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Margaret Hubbard [5]Margaret E. Hubbard [2]
  1.  81
    The Poetics D. W. Lucas: Aristotle, Poetics. Introduction, Commentary, and Appendixes. Pp. Xxviii+313. Oxford: Clarendon Press, 1968. Cloth, 50s. Net. Leon Golden and O. B. Hardison: Aristotle, Poetics. A Translation and Commentary for Students of Literature. Pp. Xi+307. Hemel Hempstead: Prentice-Hall, Inc., 1968. Stiff Paper, 26s. L. J. Potts: Aristotle on the Art of Fiction. An English Translation of the Poetics with an Introductory Essay and Explanatory Notes. Pp. 94. Cambridge: University Press, 1968. Stiff Paper, 7s. [REVIEW]Margaret Hubbard - 1970 - The Classical Review 20 (2):176-181.
  2.  22
    The Poetics.Margaret Hubbard - 1970 - The Classical Review 20 (02):176-.
  3.  6
    Two Questions About the Sixteenth Epode.Margaret Hubbard - 1977 - Classical Quarterly 27 (02):356-.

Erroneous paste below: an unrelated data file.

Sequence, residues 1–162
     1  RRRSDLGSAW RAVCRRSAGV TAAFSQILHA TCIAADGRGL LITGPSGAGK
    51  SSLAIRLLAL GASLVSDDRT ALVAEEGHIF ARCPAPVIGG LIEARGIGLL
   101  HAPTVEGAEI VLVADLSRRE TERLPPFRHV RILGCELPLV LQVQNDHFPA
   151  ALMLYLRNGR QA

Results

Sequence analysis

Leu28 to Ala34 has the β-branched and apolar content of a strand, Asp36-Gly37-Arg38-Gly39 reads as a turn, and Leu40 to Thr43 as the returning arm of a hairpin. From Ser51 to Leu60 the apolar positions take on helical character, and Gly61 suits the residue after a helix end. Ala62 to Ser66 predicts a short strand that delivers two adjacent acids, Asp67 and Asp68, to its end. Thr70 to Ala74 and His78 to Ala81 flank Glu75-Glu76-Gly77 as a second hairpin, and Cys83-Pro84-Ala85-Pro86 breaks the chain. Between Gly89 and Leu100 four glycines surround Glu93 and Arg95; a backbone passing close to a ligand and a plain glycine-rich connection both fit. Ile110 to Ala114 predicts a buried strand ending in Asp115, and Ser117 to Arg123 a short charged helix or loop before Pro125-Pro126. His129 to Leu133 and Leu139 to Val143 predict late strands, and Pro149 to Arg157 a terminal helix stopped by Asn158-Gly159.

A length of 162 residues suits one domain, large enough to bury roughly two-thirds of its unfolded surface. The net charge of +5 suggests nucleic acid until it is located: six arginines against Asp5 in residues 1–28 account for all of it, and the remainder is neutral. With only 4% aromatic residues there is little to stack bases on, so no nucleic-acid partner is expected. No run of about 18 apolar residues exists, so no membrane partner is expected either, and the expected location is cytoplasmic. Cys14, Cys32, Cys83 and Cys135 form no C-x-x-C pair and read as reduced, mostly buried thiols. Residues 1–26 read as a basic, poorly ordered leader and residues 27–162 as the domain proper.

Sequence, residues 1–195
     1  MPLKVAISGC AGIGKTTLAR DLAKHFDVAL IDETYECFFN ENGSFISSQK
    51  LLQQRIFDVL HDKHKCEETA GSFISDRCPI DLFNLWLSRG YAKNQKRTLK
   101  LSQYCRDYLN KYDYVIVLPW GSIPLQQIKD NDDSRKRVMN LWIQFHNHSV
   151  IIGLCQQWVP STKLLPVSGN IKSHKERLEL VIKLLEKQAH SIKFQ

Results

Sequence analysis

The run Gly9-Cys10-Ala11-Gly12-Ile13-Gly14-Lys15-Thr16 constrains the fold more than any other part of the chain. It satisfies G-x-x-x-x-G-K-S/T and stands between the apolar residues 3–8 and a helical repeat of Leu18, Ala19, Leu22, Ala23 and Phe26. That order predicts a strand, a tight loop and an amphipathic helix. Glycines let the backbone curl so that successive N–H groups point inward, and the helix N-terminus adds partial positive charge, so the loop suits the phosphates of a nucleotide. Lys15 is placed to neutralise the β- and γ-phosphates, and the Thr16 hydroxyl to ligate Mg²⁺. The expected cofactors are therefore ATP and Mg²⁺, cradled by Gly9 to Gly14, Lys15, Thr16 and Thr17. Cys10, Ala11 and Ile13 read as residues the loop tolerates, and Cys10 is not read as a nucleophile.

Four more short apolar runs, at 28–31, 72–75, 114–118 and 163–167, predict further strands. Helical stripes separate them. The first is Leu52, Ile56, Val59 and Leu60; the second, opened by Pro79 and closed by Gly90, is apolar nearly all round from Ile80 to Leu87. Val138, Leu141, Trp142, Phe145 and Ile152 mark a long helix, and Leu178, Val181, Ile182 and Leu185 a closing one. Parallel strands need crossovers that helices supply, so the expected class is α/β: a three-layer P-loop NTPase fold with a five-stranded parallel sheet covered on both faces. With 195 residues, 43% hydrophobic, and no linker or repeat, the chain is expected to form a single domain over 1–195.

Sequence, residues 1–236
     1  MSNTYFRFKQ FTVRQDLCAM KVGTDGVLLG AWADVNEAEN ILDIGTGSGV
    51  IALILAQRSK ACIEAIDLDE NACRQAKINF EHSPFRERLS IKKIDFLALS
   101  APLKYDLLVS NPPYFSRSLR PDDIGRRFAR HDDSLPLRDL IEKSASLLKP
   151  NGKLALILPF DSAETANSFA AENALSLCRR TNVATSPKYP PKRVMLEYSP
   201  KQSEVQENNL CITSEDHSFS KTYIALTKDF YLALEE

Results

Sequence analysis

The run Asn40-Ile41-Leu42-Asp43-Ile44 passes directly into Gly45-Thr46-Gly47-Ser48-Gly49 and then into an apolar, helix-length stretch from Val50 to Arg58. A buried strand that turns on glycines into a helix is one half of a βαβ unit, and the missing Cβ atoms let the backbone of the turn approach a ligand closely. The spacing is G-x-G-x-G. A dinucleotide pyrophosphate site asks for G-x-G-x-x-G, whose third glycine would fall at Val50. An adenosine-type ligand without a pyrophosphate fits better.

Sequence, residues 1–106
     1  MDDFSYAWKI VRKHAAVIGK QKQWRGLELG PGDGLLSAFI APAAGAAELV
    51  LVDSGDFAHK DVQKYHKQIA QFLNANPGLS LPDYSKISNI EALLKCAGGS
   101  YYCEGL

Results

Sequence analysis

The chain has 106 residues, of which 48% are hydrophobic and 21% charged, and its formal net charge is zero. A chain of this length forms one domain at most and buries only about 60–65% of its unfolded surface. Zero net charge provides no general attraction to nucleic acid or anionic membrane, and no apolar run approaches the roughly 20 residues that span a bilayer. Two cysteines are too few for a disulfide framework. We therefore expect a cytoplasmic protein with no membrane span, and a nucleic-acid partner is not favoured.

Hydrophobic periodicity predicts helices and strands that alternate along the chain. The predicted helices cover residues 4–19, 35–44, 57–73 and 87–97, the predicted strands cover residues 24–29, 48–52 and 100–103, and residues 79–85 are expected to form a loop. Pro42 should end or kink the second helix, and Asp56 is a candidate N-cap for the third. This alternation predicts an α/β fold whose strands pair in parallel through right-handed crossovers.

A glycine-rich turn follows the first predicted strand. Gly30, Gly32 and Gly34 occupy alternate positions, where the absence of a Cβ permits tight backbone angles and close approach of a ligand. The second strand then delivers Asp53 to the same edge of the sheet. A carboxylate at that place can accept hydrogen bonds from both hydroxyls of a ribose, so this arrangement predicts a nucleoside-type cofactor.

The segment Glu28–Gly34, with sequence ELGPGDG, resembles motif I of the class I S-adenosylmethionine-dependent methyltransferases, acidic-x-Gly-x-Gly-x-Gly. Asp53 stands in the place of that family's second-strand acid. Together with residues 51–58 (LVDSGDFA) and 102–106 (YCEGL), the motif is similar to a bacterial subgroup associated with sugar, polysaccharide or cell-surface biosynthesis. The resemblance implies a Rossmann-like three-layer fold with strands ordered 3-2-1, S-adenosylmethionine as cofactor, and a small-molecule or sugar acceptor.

I suppose we have all at some time been puzzled by Horace's substitution of boulders for the iron mass that the Phocaeans threw into the sea when they took their oath, and have wondered what poetical purpose the boulders could serve that iron could not. Would not iron in fact better cohere as an image with all the civil war that fills the poem's opening lines and with the agreeable absence of plough-shares and pruning-hooks from the Blessed Isles? Most of (...)
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  4.  4
    Propertiana.Margaret E. Hubbard - 1968 - Classical Quarterly 18 (02):315-.
    It seems to be becoming a fable convenue that Propertius opened his most elaborate book with a poem of hopeless illogicality. Shackleton Bailey complains on 3. 1. 25, ‘nam quis perhaps = quisnam as in Virg. Georg. 4. 445; see on 3. 11. 27. Even so, the absence of logical sequence from the theme of 21–4 to that of 25–32 is noteworthy and characteristic… In 33 the poet becomes conscious of having lost his way and uses Homer as a bridge (...)
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